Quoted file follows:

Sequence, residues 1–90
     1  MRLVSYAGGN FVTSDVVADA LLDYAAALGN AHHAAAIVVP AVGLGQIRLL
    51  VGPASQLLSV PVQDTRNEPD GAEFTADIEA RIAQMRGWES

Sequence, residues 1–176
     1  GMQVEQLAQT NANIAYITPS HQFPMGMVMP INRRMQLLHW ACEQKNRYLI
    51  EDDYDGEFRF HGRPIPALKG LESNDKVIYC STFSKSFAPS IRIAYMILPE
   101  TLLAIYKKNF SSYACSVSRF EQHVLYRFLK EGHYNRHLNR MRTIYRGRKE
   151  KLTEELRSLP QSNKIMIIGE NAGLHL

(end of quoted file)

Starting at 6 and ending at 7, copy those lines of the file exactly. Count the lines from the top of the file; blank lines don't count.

    51  EDDYDGEFRF HGRPIPALKG LESNDKVIYC STFSKSFAPS IRIAYMILPE
   101  TLLAIYKKNF SSYACSVSRF EQHVLYRFLK EGHYNRHLNR MRTIYRGRKE